Almost Yesterday

Wednesdays at 7:31 a.m. & 5:18 p.m.

Almost Yesterday is a glimpse into the rich history of our region. Dr. Frank Nickell takes listeners on a journey to specific moments in time, such as the first radio broadcast on KFVS, the history of Farmington’s Carlton College, and the short-lived safari on a Mississippi River island. A gifted storyteller and local historian, Dr. Nickell’s wit and love for the past are combined with sounds and music that augment his narrative.

On Saturday, June 7, 2008, Almost Yesterday received First Place in the "Special Programs" category at the Missouri Broadcasters Association Awards Banquet in Kansas City, Missouri.

Local support for Almost Yesterday comes from Heartland Custom Flooring.

The Sikeston Train
Southeast Missouri State University

It seems like Almost Yesterday that the University of Missouri football team achieved one of its greatest victories. The date was Saturday, November 18, 1978 and the Missouri Tigers were in Lincoln, Nebraska to play the second-ranked Cornhuskers.

Nebraska had won nines in a row, upset number-one ranked Oklahoma, and had their sights set on a national championship.

Southeast Missouri State University

It seems like Almost Yesterday that the transcontinental railroad was completed at Promontory Point in Utah. The year was 1869. Within a few months, Hiram Morgan Hill and his sister Sarah Althea Hill were on the new “Pacific Train” heading to California in search of fame and fortune.

At the time, “Morgan” Hill was 22 years of age; Sarah was 20. They were the orphaned children of Samuel Allen Hill, an attorney and Missouri legislator, and Julia Sloan, daughter of Hiram Sloan, who had operated a mill on Sloan’s Creek at the northern edge of Cape Girardeau.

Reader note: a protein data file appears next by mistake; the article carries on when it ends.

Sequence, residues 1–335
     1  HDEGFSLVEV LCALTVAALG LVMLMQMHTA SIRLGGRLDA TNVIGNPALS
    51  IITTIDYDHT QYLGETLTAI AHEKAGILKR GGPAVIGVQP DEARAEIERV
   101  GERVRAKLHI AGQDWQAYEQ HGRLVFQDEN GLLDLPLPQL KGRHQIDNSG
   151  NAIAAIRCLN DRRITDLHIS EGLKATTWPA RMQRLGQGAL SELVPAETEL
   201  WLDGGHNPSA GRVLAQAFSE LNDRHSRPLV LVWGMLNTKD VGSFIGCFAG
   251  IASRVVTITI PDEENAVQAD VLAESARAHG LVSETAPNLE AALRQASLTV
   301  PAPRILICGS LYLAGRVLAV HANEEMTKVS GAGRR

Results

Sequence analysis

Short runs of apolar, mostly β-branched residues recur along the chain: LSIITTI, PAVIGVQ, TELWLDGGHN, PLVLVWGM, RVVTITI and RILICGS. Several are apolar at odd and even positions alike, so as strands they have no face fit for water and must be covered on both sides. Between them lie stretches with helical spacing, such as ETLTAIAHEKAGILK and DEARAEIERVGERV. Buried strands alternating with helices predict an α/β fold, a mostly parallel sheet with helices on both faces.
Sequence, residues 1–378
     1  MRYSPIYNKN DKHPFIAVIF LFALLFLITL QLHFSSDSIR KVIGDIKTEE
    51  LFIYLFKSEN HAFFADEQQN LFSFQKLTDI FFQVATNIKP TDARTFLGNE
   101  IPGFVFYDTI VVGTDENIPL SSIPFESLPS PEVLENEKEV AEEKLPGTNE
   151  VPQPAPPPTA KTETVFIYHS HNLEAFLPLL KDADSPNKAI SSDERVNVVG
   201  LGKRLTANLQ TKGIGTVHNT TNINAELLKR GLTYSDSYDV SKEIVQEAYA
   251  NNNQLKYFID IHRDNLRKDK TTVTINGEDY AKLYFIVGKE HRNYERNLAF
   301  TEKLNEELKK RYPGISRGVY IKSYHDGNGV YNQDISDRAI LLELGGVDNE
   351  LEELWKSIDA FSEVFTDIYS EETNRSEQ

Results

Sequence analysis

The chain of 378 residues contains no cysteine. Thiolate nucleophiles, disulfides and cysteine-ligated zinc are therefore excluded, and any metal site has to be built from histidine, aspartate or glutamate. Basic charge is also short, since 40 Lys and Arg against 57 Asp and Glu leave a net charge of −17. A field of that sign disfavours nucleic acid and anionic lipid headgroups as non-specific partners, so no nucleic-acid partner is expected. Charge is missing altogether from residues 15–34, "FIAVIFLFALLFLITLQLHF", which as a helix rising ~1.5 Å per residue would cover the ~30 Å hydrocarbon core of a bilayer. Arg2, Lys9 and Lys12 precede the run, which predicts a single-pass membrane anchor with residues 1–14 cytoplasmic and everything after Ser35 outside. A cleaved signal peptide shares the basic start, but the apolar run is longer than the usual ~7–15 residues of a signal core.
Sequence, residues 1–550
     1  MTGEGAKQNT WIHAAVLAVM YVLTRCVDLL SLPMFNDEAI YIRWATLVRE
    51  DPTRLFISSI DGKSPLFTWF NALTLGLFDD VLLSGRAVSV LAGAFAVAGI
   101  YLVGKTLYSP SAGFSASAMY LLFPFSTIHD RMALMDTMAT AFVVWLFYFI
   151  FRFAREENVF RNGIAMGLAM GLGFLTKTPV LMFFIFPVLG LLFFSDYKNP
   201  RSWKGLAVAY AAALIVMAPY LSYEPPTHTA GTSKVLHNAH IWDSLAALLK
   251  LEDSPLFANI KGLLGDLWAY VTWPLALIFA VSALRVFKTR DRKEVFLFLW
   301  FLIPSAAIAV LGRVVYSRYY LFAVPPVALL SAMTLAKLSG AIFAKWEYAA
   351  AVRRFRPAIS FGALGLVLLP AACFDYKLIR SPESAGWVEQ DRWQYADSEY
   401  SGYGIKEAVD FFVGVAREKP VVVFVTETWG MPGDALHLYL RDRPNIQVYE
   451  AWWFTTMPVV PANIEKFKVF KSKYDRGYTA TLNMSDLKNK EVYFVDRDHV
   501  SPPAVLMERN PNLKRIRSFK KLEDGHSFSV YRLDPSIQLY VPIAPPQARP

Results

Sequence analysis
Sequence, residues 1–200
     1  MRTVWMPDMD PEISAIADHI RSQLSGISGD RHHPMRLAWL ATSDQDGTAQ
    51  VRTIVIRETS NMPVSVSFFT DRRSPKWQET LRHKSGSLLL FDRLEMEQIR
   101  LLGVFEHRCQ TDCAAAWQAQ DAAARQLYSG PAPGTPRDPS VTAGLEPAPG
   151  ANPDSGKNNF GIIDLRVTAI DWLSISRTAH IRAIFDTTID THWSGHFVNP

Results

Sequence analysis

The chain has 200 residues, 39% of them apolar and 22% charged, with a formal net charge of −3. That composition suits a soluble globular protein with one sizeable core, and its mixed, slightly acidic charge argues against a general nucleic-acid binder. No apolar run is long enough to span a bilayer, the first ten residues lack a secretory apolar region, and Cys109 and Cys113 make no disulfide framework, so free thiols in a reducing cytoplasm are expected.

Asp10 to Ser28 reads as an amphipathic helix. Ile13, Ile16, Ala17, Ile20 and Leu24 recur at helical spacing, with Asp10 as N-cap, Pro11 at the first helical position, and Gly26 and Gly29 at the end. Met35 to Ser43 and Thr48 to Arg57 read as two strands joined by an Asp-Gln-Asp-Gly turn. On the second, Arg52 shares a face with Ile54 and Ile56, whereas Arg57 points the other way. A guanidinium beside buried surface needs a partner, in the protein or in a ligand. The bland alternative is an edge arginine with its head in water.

The Hill-Burton Act

Jan 3, 2017
Southeast Missouri State University

It seems like Almost Yesterday that Congress passed the “Hospital Survey and Construction Act” which became Public Law 725. This act provided funds to hospitals, nursing homes, and chronic care facilities, which had declined during the Great Depression and World War II.

By 1945 and the end of World War II, many American hospitals were obsolete – and approximately 50% of the nation’s counties had no hospital facilities at all.

Cape Girardeau musicians Jess Stacy and Peg Meyer became part of the movement that led to the transition of Dixieland jazz to swing.
Southeast Missouri State University

It seems like Almost Yesterday that a new musical sound came up the Mississippi from the south.  It moved north with the orchestras of the river excursion boats.  Thus, Cape Girardeau was among the first communities in the nation to receive this new music.

Shoe Factory September 9, 1907
Southeast Missouri State University

It seems like Almost Yesterday that the Roberts, Johnson and Rand Shoe Company of St. Louis opened a manufacturing plant in Cape Girardeau. The date was September 9, 1907 and this proved to be a significant development in the economic growth of the city.

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